Strange things are afoot at the Bureau of Land Management (BLM), an agency housed within the Department of the Interior tasked with managing the nation's vast swaths of publicly held land.
The main character in this mystery is a not a person, but a proposed pipeline intended to bring water from remote aquifers in the Mojave desert to drought-stricken southern California. Named the Cadiz project, it's a privately owned venture that has been in regulatory limbo for over a decade—the work of the buzzsaw that is Senator Dianne Feinstein, who has pulled out all the stops to kill it. (You can read my earlier story on that here.)
Feinstein has used her clout on the Appropriations Committee to successfully insert a policy rider into law each and every year to specifically delay or deny the ability of the Cadiz project to move forward, running roughshod over her state's House delegation (including Democrats), many of whom want the project to go forward.
The debate is over whether or not a proposed water pipeline within the right-of-way of a railroad that crosses over public lands "furthers a railroad purpose" and whether it has to get BLM approval. In the past, BLM pre-approval was not needed. Because of Feinstein's urging, BLM withdrew a longstanding regulatory opinion and replaced it with one that "requires a fact specific case-by-case inquiry" for right-of-way use on BLM lands.
Despite this setback, Cadiz pushed forward and sought determination from BLM under the revised regulatory opinion.
And here's where it gets fishy.
As the Wall Street Journal reported, a BLM employee routinely shared inside information about the Cadiz project's future prospects with an investor at Whetstone Capital, a Kansas City firm that often short-sells publicly traded entities as part of its investment portfolio. That investor, Thomas McGannon, runs Whetstone's investment research efforts. He exchanged a number of emails and phone calls with Erik Pignata, a realty specialist for BLM in California.
McGannon had a Freedom of Information Act Request (FOIA) pending with BLM, but repeatedly and persistently fished for more information from Pignata while it was being processed. Pignata is not a FOIA officer.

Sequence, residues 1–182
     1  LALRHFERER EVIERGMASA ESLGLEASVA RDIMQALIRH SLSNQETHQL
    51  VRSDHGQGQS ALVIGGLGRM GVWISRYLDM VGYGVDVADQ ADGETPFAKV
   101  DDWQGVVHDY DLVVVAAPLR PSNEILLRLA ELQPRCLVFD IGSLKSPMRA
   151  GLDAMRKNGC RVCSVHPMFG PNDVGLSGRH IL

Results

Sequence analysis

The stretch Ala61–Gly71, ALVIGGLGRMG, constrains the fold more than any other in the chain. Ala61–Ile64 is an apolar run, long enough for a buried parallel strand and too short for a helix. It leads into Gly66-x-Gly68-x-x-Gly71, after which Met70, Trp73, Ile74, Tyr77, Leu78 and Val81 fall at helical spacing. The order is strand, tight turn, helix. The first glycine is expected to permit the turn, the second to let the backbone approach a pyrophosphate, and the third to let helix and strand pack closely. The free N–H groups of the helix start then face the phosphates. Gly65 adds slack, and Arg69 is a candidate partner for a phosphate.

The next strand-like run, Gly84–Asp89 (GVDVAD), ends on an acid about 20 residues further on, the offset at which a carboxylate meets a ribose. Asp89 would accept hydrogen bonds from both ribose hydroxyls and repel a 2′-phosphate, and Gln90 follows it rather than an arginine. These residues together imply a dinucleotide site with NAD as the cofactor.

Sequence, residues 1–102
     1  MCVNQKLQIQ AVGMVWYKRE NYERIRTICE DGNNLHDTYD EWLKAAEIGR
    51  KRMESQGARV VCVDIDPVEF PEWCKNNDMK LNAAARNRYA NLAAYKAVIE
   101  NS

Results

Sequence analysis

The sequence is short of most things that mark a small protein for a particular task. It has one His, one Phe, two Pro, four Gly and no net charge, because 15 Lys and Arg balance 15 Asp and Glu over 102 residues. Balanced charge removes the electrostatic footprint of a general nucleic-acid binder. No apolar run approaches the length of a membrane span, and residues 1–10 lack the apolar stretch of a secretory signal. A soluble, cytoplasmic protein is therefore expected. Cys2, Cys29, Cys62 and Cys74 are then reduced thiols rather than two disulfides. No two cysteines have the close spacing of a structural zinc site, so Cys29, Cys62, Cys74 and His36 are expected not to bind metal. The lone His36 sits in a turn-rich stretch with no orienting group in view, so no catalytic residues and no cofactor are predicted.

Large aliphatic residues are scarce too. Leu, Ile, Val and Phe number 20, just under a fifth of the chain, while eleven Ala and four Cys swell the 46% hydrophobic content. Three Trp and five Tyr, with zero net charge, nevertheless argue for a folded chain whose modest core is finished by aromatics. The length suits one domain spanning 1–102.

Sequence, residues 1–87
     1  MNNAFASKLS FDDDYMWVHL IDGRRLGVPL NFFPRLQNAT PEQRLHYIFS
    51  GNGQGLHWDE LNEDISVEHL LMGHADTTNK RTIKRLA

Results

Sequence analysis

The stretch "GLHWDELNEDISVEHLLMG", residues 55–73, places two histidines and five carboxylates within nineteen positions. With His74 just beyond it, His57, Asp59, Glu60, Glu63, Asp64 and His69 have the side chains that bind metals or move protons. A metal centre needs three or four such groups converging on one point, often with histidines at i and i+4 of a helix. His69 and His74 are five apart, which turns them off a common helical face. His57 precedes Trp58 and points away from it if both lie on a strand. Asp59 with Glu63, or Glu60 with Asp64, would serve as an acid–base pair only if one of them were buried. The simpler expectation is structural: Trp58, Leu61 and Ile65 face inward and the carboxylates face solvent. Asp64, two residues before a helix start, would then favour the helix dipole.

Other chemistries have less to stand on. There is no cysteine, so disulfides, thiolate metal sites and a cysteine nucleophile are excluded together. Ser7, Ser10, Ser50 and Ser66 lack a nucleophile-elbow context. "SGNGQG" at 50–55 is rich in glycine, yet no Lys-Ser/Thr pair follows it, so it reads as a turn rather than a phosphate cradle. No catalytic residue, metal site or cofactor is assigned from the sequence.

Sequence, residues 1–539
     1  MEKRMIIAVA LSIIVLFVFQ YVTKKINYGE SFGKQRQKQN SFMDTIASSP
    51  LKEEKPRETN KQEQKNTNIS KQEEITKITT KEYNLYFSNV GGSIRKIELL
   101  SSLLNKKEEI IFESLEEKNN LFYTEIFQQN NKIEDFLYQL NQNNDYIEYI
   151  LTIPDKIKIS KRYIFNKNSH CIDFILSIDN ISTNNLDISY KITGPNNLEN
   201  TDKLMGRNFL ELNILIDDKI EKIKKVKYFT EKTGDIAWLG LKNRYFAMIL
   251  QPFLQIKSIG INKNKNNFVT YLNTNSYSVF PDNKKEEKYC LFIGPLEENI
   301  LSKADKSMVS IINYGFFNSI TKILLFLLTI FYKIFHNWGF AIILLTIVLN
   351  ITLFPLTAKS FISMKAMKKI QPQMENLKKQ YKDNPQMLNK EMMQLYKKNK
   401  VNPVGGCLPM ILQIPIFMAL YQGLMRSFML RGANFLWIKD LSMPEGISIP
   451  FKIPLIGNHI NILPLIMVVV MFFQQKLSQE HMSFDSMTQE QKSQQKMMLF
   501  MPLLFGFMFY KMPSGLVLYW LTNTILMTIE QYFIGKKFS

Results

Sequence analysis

It appears, per WSJ's reporting, that McGannon's fishing expidition was successful:
"Does the green line go through BLM lands?" Mr. McGannon asked in a Sept. 9, 2014 email, referring to a map of the Cadiz project. "I was mostly just curious if an alternate route along the green line would require BLM approval." Mr. Pignata responded later that day that the alternative route "almost certainly" does. On Feb. 19, 2015, Mr. McGannon inquired if there has been "any movement on the project discussions since we last spoke?" Mr. Pignata replied: "No, we are formulating our evaluation with DOI legal staff." The emails suggest the two chatted repeatedly over the phone. On June 4 Mr. McGannon emailed "great to catch up" along with a link to a blog post "Strong Sell On Project Failure, Insider Enrichment, And Bankruptcy, Price Target $0" that eviscerated Cadiz. On September 23 Mr. McGannon asked if there was "any news likely this week?" Mr. Pignata replied: "I have a briefing w/ the almost-highest people in my agency tomorrow . . . No pressure or anything." Mr. McGannon cheered him on: "You got it man!" A week later, Mr. McGannon inquired into when an adverse ruling would be finalized: "Wont [sic] it be great when I don't bother you anymore." Mr. Pignata replied: "I have a feeling Cadiz, Inc. isn't going anywhere . . . so you'll get to keep bugging me." Several of Mr. Pignata's emails suggest an animus toward the Cadiz project.
Shortly after BLM's adverse ruling, the value of Cadiz stock dropped by more than half. Advance knowledge of the decision would benefit... a short-selling investor.
Did it pay for McGannon and Whetstone? It's not clear, as McGannon told the Journal:
Mr. McGannon declined to say if or how he traded Cadiz shares and sent us this statement: "Our research over a five year period led us to believe that there was an investment opportunity presented by Cadiz's stated business plan, which appeared contrary to information that was publicly available. We did not seek nor obtain any material non-public information regarding the Cadiz Water Project."
Congress has now gotten involved. In a letter dated August 4, 2016 to BLM Director Neil Kornze, the House Oversight and Government Reform Committee requested that BLM provide "any documents and communications to or from" any BLM employee relating to Whetstone, the withdrawal of the regulatory opinion, the Cadiz project, and BLM's review of whether the proposed pipeline fulfills a railroad purpose. The committee also requested a transcribed interview with Mr. Pignata, but it's unclear whether the interview would be conducted under oath.
The letter's deadline requested BLM comply by August 18, and a committee spokesman tells THE WEEKLY STANDARD that the committee has "not received the documents we requested."
Presently, the Cadiz project remains in regulatory limbo, subject to Feinstein's rider and BLM's adverse ruling. House members are pushing language to reverse BLM's re-interpretation of the 141-year old law pertaining to rights-of-way for railroads on public lands. If successful in passing any such language, they'll still have to get past a steadfastly opposed Feinstein in the Senate.
But it will be interesting to see what the committee finds as it delves into the rabbit hole of BLM and its internal dealings. Assuming, that is, the Obama-run BLM complies in the waning days of his presidency.